Performing for one night only – Erik Paliani will be presenting the music off his debut album, ‘CHITUKUTUKU’ at the Rendezvous Theatre, State Theatre, in Pretoria on Friday 19 November from 21h30.
It’s been a desire for Erik Paliani to perform this music in exactly the way it was always intended to be experienced by a live audience – in an intimate venue, where every note is felt and every chord resonates playing together with the country’s most accomplished session musicians.
Accompanying this guitar maestro at the Jazz and African Nights event are Denny Lalouette (Bass Guitar); David Klassen (Drums and Vocals); Tlale Makhene (Percussions and Vocals); Harold Wynkwardt (Keyboards and Vocals) and Greg Bester (Engineer).
“It will be amazing to finally play my own material live,” Paliani says.
“I guess my live and recorded solo work has been long overdue.”
For over a decade, Erik Paliani has quietly made a name for himself as one of the most revered and accomplished producers, songwriters and guitarists working in South Africa. Now the music heavyweight and multi-talent emerges from the background with an album of such raw beauty and intensity it’s bound to become a staple in music collections globally for decades to come.
THE RENDEZVOUS THEATRE
21h30 – 22h30
Tickets available at Computicket (R 60) and at the venue (R 80)
More on Erik Paliani and CHITIKUTUKU…
Titled ‘CHITUKUTUKU’, the 10-track album is, in many ways, a love letter to the continent that has enabled the 34-year-old to bring such a myriad of musical styles and influences to his work, both here as a solo artist and with others – most notably Zamajobe and Hugh Masekela. Masekela who chose Paliani to produce his 2008 album ‘Phola’ after hearing his work with Zamajobe on her albums ‘Ndawo Yami’ (2004) and Ndoni Yamanzi’ (2008).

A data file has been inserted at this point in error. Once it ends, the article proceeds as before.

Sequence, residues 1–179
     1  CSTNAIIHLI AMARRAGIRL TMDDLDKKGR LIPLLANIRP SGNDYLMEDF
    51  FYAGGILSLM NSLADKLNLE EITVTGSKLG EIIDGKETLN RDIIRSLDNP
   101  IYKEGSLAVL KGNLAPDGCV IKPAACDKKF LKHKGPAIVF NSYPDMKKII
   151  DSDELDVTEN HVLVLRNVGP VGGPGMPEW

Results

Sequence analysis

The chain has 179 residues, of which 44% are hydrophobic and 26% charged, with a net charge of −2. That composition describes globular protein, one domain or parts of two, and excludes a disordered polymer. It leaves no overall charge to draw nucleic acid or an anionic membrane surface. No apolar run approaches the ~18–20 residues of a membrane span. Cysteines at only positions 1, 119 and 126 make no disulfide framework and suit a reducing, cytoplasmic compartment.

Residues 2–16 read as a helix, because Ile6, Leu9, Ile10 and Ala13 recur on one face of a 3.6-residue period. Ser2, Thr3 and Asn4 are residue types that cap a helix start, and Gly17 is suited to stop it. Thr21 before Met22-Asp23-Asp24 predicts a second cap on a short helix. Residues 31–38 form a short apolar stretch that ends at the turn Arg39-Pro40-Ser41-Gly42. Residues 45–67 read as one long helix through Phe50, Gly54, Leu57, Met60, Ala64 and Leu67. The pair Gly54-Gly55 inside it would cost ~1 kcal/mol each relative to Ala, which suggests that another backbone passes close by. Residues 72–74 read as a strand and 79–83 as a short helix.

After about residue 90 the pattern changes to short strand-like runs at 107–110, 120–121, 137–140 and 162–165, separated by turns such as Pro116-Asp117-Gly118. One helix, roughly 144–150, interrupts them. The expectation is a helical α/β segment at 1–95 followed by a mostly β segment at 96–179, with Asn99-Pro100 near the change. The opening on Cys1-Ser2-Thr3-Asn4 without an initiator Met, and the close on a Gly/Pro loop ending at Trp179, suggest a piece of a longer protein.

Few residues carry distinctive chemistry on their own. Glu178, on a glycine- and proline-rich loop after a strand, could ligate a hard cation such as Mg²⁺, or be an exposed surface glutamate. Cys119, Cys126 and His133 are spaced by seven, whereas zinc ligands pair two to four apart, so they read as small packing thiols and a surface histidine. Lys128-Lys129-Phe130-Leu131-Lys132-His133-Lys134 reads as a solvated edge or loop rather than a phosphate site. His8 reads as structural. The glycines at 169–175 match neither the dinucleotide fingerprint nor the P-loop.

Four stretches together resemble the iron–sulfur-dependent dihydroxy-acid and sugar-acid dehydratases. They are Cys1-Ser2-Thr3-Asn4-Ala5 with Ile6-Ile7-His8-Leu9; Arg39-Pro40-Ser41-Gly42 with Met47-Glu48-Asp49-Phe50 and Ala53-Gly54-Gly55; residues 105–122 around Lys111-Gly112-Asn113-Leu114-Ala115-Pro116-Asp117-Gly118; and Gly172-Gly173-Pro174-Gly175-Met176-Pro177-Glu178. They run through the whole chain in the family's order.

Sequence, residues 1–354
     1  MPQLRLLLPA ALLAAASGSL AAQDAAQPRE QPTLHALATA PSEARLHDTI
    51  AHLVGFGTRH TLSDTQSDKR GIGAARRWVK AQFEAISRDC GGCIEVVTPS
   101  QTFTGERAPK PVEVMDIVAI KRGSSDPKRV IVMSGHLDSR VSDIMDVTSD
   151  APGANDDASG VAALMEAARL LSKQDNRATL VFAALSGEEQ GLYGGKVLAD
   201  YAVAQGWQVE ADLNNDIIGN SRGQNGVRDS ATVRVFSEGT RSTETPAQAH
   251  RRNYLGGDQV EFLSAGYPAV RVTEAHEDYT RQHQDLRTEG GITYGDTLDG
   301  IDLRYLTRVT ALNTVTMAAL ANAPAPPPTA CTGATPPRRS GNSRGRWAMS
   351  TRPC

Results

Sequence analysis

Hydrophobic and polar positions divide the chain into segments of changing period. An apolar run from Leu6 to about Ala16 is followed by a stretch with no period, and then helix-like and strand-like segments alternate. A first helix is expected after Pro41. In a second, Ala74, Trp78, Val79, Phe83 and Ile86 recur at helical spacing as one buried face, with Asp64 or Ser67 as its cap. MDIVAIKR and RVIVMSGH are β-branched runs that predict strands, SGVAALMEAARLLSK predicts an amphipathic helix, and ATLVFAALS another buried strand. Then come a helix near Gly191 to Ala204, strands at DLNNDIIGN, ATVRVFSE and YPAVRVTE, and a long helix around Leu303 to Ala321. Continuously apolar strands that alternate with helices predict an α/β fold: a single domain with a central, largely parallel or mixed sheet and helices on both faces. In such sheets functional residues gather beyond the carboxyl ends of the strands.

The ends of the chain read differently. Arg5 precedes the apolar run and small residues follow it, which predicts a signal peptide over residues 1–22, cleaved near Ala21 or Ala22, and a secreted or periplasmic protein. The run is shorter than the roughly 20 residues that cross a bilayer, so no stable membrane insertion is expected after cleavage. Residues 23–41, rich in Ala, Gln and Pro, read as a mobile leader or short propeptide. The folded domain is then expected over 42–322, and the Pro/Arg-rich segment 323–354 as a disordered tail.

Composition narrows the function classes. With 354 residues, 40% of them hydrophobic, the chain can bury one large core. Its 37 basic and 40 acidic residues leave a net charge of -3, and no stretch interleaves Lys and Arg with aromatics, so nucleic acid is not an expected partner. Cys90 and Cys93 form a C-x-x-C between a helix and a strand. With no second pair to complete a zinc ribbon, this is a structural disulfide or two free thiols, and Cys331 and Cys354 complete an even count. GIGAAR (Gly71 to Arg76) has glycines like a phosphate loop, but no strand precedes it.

Paliani’s extraordinary ability on the guitar has also been recognised by Musa Manzini and Themba Mkhize who have both used him for session and live work over the years. Currently Paliani is also part of Masekela’s touring band, having played around the world with the jazz icon over the past year.
Paliani’s international foothold was also further bolstered by the production work he did for Lee Ritenour’s critically acclaimed ‘Smoke ‘n Mirrors’ album, handling studio duties for a trio of songs on the album that featured Zamajobe on vocals: ‘Memeza’, ‘Forget Me Nots’ and ‘Lovely Day’.
For Paliani, coming into his own as a solo artist gives him the chance to convey how he “understands Africa and the different worlds that are to be found here”. That grasp of the continent is propelled by the artist’s itinerant background that has taken him from growing up in his home country, Malawi, to Zimbabwe, Mozambique, Botswana and South Africa.
A Malawian native, it’s no wonder that the over-arching feeling throughout ‘CHITUKUTUKU’ is the dreaminess that Paliani says is so prevalent in the villages of his own country – and is here reflected on the outstanding song ‘Kumalewule’.
A sense of history ripples throughout ‘CHITUKUTUKU’ – indeed the title track is based on a song composed by Wilson Makawa in the middle years of the 20th century that became an instant hit in then Southern Rhodesia and Nyasaland (Malawi) and here is re-charged by Paliani’s sensitive arrangements and playing.
Paliani’s sense of roots never comes at the expense of turning his first solo effort into simply nostalgia. Songs like ‘Dr Nico’, a tribute to DRC musician and Soukous pioneer, Nicolas Masanda; the hypnotic ‘Kwacha, Kwayera’, the lilting beauty of ‘Ndagwada n’ipepesa’, the bold strokes of ‘Ndege’, the fatherly-love that defines ‘Tingo-Tiya’, and the fun-filled joy of ‘Toto Ife’ all contribute to a set of songs that define Paliani’s own particular musical vision.
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